The residence nil rate band – time to review my estate planning?

Thursday 1st September 2016

A new inheritance tax allowance is being introduced which, if utilised correctly, will save families large amounts of inheritance tax and will take many estates out of the inheritance tax bracket altogether.

April 2017 signals the phasing in of a new inheritance tax allowance – the Residence Nil Rate Band (RNRB).

Presently, each person has the benefit of an inheritance tax allowance called the ordinary Nil Rate Band (NRB), currently £325,000. This allowance is transferable between spouses on death so, at its simplest, if a married couple left all of their assets to each other on the death of the first of them, then because gifts between spouses are exempt for inheritance tax purposes, when the survivor subsequently dies, twice the ordinary NRB in force at that time can be claimed against the estate. Currently therefore, this means that £650,000 worth of assets can pass free of inheritance tax on the death of the survivor of a married couple.

The new RNRB acts to top up the ordinary NRB (initially by £100,000 per person) and similarly, the new RNRB is transferable between spouses on death. The phasing in of this allowance (which is aligned with tax years) works as follows:

  • 2017/2018 = £100,000 per person i.e. £200,000 for a married couple
  • 2018/2019 = £125,000 / £250,000 (couple)
  • 2019/2020 = £150,000 / £300,000 (couple)
  • 2020/2021 = £175,000 / £350,000 (couple)


So to give an example, if we take a married couple where, on the death of the first spouse, all of the assets passed outright to the survivor, and then the survivor lived until after 6th April 2020, looking at this in isolation, the standard allowances that could be claimed are (i) 2 x the ordinary NRB i.e. £650,000 and (ii) 2 x the new RNRB i.e. £350,000. In total therefore, £1m worth of assets can pass free of inheritance tax on the death of the survivor of the married couple. For an unmarried individual, it follows that £500,000 of assets could pass free of tax on their death. Unfortunately however, unlike the ordinary NRB, the new RNRB does not automatically apply universally to everyone and cannot be applied against any and all assets of an estate. Broadly speaking, the qualifying conditions are as follows:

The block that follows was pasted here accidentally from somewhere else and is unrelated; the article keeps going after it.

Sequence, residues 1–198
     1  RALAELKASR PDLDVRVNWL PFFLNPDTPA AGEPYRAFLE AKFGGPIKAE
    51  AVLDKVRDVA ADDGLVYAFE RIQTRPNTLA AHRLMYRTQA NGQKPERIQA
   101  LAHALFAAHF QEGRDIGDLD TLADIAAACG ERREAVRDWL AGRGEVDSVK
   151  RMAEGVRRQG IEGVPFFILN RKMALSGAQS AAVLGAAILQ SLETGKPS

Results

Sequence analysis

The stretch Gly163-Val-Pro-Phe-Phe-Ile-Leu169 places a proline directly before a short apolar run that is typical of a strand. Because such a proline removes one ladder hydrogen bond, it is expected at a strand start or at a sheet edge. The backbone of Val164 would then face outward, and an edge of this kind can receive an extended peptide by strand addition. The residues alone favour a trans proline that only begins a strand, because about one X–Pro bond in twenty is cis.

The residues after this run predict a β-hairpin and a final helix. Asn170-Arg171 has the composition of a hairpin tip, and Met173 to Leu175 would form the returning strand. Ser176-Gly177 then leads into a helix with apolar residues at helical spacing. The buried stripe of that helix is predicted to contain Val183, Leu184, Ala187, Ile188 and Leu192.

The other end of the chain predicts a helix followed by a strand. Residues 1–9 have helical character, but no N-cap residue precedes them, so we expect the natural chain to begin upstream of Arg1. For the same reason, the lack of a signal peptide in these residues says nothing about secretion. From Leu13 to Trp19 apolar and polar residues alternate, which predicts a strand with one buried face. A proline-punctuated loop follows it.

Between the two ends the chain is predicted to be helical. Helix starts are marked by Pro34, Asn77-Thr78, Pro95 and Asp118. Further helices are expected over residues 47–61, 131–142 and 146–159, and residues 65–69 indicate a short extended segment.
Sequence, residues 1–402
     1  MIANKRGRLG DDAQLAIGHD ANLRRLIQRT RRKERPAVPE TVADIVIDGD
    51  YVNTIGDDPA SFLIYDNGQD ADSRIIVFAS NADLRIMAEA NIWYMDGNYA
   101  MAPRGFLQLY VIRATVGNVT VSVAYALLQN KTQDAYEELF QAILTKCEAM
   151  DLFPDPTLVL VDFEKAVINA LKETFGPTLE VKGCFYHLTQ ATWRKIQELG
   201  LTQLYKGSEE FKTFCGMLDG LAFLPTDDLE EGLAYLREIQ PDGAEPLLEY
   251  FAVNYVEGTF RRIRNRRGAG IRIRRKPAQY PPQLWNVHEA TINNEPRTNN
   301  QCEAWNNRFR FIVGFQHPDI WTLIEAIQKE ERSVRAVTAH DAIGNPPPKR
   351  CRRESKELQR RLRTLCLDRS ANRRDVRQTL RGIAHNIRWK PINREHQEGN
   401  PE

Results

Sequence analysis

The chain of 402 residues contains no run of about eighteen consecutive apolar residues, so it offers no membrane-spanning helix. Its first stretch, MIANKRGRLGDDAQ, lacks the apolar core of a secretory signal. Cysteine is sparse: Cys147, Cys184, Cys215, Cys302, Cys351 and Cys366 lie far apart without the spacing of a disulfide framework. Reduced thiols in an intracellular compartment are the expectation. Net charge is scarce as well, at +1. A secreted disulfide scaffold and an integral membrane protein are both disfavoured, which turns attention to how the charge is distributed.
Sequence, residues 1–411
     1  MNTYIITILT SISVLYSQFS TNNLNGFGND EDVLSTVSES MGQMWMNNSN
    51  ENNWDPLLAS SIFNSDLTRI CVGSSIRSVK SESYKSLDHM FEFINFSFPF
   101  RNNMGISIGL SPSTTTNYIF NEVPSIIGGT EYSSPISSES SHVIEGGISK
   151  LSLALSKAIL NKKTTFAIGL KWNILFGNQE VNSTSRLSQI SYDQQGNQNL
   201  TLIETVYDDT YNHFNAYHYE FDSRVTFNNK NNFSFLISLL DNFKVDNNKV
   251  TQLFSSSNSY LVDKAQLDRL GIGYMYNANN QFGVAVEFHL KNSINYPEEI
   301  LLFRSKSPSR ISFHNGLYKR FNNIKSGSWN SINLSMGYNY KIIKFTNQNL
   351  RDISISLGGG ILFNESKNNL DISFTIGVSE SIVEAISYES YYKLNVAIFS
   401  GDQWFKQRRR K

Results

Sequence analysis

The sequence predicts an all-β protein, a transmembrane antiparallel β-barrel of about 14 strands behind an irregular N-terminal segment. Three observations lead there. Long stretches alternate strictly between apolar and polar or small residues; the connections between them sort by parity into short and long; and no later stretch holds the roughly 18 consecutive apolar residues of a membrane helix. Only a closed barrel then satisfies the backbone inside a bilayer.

• The new RNRB must be applied against the value of the deceased’s residential property.
  • The residential property in question must pass on death to a direct lineal descendant (which for this test includes children / grandchildren / step children / adopted children / foster children)
  • If the overall value of the deceased’s estate exceeds £2m, the RNRB tapers away by £1 for every £2 the estate is over £2m.


It is worth adding that this is a stripped down review of the qualifying conditions and so, even if on the face of it you don’t believe the new allowance would apply to your estate, it is certainly worth exploring the issue further as you may be covered by supplementary provisions such as the “downsizing” rules or, alternatively, there might be an opportunity for you to undertake some simple inheritance tax planning.

In summary, whilst the new allowance is a welcome one, its particular application means that individuals need to consider their current planning, notably the content of their existing Wills, to ensure that they (i) understand the tax position on death and (ii) can take steps to mitigate inheritance tax should they wish to do so.

If you would like to discuss the new RNRB in further detail and how this may affect you, or if you simply wish to review your affairs generally and ensure your affairs are up to date, please do not hesitate to contact Greg Dixon on 0113 227 0202.